Vladimir Ilyich Lenin

The Right of Nations to Self-Determination

Clause 9 of the Russian Marxists’ Programme, which deals with the right of nations to self-determination, has (as we have already pointed out in Prosveshcheniye)[1] given rise lately to a crusade on the part of the opportunists. The Russian liquidator Semkovsky, in the St. Petersburg liquidationist newspaper, and the Bundist Liebman and the Ukrainian nationalist-socialist Yurkevich in their respective periodicals have violently attacked this clause and treated it with supreme contempt. There is no doubt that this campaign of a motley array of opportunists against our Marxist Programme is closely connected with present-day nationalist vacillations in general. Hence we consider a detailed examination of this question timely. We would mention, in passing, that none of the opportunists named above has offered a single argument of his own; they all merely repeat what Rosa Luxemburg said in her lengthy Polish article of 1908–09, “The National Question and Autonomy”. In our exposition we shall deal mainly with the “original” arguments of this last-named author.


Naturally, this is the first question that arises when any attempt is made at a Marxist examination of what is known as self-determination. What should be understood by that term? Should the answer be sought in legal definitions deduced from all sorts of “general concepts” of law? Or is it rather to be sought in a historico-economic study of the national movements?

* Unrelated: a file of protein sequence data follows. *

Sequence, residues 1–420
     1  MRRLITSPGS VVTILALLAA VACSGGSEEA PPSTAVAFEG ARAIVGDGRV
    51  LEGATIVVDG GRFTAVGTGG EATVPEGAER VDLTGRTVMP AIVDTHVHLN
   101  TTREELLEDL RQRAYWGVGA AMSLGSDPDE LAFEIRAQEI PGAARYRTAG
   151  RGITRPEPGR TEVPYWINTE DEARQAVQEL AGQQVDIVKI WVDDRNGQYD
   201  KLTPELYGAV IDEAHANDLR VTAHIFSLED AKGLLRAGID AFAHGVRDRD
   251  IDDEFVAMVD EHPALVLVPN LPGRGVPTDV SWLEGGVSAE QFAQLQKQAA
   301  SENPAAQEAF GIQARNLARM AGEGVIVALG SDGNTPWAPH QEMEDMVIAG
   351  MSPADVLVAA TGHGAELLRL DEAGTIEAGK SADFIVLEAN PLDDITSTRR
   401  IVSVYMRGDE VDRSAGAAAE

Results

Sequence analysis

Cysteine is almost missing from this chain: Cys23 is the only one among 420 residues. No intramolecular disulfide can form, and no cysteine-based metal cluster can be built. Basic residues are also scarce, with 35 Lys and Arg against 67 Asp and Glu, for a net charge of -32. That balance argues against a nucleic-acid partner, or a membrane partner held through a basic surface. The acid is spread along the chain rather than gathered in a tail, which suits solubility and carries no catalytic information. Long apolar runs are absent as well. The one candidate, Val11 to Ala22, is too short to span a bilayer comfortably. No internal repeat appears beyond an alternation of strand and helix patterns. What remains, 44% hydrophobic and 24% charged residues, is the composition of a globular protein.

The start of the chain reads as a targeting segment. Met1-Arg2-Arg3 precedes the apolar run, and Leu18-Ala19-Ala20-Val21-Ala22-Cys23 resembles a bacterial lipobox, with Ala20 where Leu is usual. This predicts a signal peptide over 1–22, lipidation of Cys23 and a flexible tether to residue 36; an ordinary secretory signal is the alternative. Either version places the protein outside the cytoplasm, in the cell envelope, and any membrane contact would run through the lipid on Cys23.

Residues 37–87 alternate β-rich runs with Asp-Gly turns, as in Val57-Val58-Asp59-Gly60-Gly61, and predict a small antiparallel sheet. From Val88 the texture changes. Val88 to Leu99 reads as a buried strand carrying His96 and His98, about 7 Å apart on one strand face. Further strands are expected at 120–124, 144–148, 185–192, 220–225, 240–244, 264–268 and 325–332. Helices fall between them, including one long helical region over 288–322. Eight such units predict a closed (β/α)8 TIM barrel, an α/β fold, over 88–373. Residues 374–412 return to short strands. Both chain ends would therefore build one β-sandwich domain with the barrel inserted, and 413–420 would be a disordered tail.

It is not surprising that the Semkovskys, Liebmans and Yurkeviches did not even think of raising this question, and shrugged it off by scoffing at the “obscurity” of the Marxist Programme, apparently unaware, in their simplicity, that the self-determination of nations is dealt with, not only in the Russian Programme of 1903, but in the resolution of the London International Congress of 1896 (with which I shall deal in detail in the proper place). Far more surprising is the fact that Rosa Luxemburg, who declaims a great deal about the supposedly abstract and metaphysical nature of the clause in question, should herself succumb to the sin of abstraction and metaphysics. It is Rosa Luxemburg herself who is continually lapsing into generalities about self-determination (to the extent even of philosophising amusingly on the question of how the will of the nation is to be ascertained), without any where clearly and precisely asking herself whether the gist of the matter lies in legal definitions or in the experience of the national movements throughout the world.